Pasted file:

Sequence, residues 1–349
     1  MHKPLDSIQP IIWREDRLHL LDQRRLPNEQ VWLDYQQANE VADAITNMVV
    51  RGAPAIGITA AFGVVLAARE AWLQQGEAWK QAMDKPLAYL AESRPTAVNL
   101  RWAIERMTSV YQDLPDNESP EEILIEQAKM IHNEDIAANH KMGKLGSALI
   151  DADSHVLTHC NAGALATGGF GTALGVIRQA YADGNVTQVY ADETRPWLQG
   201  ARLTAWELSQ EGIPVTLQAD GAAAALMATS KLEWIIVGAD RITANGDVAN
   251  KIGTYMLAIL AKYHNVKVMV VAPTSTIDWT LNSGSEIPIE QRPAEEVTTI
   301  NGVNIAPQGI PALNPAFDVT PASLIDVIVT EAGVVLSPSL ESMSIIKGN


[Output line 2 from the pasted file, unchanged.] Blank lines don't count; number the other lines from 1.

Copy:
     1  MHKPLDSIQP IIWREDRLHL LDQRRLPNEQ VWLDYQQANE VADAITNMVV